The October-December issue of Iceland Review magazine is out. The issue includes a lengthy feature about the Holuhraun eruption by volcanologist Haraldur Sigurðsson accompanied by images by Páll Stefánsson.
An ambitious collaborative art film, OPUS/YOU AGAIN, made by performance artist Kitty Von-Sometime and band Árstíðir has been released. Shot on Iceland’s second-largest glacier Langjökull, the video features a 160-kilo (350-pound) ice sculpture.
Universal Studios have acquired the rights to a film Icelandic director Baltasar Kormákur has been working on for the past six years, taking over from Working Title. Known as Vikingr, the film will be set in Iceland and feature scenes from the Icelandic Sagas.
Tickets to the 2014 Iceland Airwaves music festival, which will be held for the 16th time in Reykjavík this year, from November 5 to 9, have now sold out, as announced in a press release yesterday.
I Can Quit Whenever I Want (Smetto quando voglio), the debut film of Italian director Sydney Sibilia, received the Golden Puffin trophy at the 2014 Reykjavík International Film Festival (RIFF) on Saturday as the ‘discovery of the year.’
The Tómas Guðmundsson Literature Prize was awarded to Hjörtur Marteinsson for his collection of poems called Alzheimer-tilbrigðin ('Alzheimer Variations').
On a recent show David Letterman claimed that he knew two things about Iceland: Icelanders have the highest rate of alcoholism in the world and 90 percent of the population believes in elves.
The Reykjavík Reads festival, hosted by Reykjavík City of Literature, was launched by city mayor Dagur B. Eggertsson by ‘releasing’ the short story Dýrið (‘Animal’) from a lunch box in Kringlan mall yesterday.
The European Day of Languages was celebrated in Iceland on Friday, among other things with a symposium at the University of Iceland. Auður Hauksdóttir, lecturer in the Danish language, stated that Icelandic students don’t learn enough languages.
The documentary film Salóme by director Yrsa Roca Fannberg won the Best Nordic Documentary Award at the recent Nordisk Panorama festival for Nordic short films and documentaries in Malmö, Sweden. This is the first time that an Icelandic movie won this prize.
Reykjavík International Film Festival (RIFF) kicks off today with the opening film Land Ho!, a collaboration between Iceland and the U.S.
Members of the Icelandic Film and TV Academy have selected the film Life in a Fishbowl (Vonarstræti) as Iceland’s entry for the 2015 Best Foreign Language Oscar selection.
This 1926 video features people riding Icelandic horses in the streets, women wearing national costumes and lots of Icelandic children.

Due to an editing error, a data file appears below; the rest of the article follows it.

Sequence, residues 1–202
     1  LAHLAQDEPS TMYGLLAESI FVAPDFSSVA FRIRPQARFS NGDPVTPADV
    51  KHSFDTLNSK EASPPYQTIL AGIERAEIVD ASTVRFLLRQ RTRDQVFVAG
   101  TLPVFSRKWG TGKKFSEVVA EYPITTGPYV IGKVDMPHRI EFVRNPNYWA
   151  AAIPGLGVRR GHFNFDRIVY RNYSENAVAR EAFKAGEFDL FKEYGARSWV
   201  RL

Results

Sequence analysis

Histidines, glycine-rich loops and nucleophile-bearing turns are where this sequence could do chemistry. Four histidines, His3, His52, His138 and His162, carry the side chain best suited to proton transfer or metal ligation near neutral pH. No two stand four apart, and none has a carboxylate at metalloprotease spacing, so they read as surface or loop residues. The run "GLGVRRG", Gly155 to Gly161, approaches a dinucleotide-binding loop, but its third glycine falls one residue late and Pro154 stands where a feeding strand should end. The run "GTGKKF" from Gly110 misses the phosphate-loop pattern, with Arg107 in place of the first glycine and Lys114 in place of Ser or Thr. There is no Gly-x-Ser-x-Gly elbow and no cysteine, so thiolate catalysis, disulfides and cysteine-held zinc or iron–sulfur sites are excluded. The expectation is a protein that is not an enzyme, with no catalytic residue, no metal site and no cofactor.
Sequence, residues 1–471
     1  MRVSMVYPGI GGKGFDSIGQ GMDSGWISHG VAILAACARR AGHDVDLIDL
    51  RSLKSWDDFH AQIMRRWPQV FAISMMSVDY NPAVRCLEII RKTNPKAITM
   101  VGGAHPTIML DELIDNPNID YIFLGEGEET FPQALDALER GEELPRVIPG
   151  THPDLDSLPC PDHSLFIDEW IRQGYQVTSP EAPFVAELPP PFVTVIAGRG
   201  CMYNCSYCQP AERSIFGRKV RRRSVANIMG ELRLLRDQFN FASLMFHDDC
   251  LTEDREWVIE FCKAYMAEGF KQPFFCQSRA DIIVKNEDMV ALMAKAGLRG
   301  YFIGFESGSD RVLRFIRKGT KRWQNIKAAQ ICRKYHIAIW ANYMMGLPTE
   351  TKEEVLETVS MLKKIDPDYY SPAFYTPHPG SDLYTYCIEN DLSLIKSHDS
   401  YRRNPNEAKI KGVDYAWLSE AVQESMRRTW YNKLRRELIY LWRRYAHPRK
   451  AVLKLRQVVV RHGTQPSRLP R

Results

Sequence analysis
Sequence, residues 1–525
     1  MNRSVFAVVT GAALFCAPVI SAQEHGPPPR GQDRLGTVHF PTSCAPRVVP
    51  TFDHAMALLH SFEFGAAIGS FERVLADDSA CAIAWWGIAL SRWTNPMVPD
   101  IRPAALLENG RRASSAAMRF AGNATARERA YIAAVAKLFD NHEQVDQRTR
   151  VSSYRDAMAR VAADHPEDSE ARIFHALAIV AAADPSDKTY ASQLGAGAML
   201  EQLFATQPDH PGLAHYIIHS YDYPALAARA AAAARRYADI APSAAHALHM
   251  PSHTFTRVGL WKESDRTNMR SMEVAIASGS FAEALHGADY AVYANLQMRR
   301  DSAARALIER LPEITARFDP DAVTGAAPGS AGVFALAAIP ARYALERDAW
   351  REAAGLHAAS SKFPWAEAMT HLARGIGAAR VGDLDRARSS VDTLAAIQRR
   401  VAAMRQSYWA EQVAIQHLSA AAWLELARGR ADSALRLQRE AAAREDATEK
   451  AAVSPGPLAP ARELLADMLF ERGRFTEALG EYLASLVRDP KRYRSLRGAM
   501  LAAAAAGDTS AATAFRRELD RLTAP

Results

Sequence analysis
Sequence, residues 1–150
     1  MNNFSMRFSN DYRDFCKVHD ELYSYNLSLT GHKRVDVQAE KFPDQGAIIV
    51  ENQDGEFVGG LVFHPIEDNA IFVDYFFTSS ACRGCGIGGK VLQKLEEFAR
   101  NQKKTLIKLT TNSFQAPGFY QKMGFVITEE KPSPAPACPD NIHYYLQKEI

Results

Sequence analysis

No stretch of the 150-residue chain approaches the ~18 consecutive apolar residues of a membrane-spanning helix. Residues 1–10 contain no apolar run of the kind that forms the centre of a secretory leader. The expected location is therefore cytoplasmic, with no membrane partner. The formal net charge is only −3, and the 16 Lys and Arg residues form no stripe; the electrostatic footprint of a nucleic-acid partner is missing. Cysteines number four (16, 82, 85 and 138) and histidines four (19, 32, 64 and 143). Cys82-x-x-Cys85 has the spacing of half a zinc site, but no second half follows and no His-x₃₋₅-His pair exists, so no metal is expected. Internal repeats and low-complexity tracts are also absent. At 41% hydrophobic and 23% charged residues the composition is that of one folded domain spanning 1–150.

Reykjavík City Library’s 2014 children’s book prize was awarded to Gunnar Helgason for his novel Rangstæður í Reykjavík, as announced yesterday.
Swedish film director Ruben Östlund will be a guest of honor at this year’s Reykjavík International Film Festival (RIFF), which starts on Thursday.
A new film festival, led by Icelandic film director Friðrik Þór Friðriksson, will be launched in Reykjavík this winter. The festival aims to showcase the country as a key destination for foreign film and television shoots as well as shine a spotlight on local talent.
For the first time in its history, Þjóðleikhúsið, the Icelandic National Theater, presents an all-Icelandic winter season schedule: all plays premiered are in Icelandic.
The 16 siblings from the farm Kjóastaðir in Biskupstungur, South Iceland, the oldest of whom is 73 and the youngest of whom, Sigríður Jónasdóttir, turned 48 on Tuesday, have reached the milestone of becoming 1,000 years old when their ages are combined.
The Reykjavík International Film Festival (RIFF) released its 2014 program at a press conference yesterday. The event, which this year takes place between September 25 and October 5, showcases over 100 dramas and non-fiction films from over 40 countries.
The schedule for the 2014 Iceland Airwaves music festival, held November 5-9 in Reykjavík, is ready. The schedule is available in pdf form on airwaves.is and the festival organizers are planning to release an app and online planner soon.
Two Icelandic films, Of Horses and Men by Benedikt Erlingsson and Life in a Fishbowl by Baldvín Z, are among the 50 films on recommended for a nomination for the European Film Awards.
The bestselling novel Burial Rites by Australian author Hannah Kent, which is set in Iceland, was released in Icelandic translation on Friday.
Voting on Iceland’s contribution to the Academy Award for Best Foreign Language Film next year has started. There are four possible choices.